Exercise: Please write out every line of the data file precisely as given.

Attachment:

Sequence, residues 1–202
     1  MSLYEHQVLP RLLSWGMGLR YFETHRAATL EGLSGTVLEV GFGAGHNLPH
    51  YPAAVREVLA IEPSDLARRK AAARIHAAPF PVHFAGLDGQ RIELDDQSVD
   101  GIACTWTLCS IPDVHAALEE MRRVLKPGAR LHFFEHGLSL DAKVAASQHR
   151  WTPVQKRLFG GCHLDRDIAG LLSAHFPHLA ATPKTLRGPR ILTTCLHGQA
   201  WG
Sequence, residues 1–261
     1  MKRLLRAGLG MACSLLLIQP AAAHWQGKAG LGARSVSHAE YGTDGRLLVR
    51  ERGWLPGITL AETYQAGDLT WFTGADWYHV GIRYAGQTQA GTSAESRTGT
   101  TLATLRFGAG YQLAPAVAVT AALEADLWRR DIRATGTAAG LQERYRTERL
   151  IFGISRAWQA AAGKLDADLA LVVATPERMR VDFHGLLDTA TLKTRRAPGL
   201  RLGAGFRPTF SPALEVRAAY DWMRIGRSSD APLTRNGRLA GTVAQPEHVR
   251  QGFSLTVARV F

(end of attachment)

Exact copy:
Sequence, residues 1–202
     1  MSLYEHQVLP RLLSWGMGLR YFETHRAATL EGLSGTVLEV GFGAGHNLPH
    51  YPAAVREVLA IEPSDLARRK AAARIHAAPF PVHFAGLDGQ RIELDDQSVD
   101  GIACTWTLCS IPDVHAALEE MRRVLKPGAR LHFFEHGLSL DAKVAASQHR
   151  WTPVQKRLFG GCHLDRDIAG LLSAHFPHLA ATPKTLRGPR ILTTCLHGQA
   201  WG
Sequence, residues 1–261
     1  MKRLLRAGLG MACSLLLIQP AAAHWQGKAG LGARSVSHAE YGTDGRLLVR
    51  ERGWLPGITL AETYQAGDLT WFTGADWYHV GIRYAGQTQA GTSAESRTGT
   101  TLATLRFGAG YQLAPAVAVT AALEADLWRR DIRATGTAAG LQERYRTERL
   151  IFGISRAWQA AAGKLDADLA LVVATPERMR VDFHGLLDTA TLKTRRAPGL
   201  RLGAGFRPTF SPALEVRAAY DWMRIGRSSD APLTRNGRLA GTVAQPEHVR
   251  QGFSLTVARV F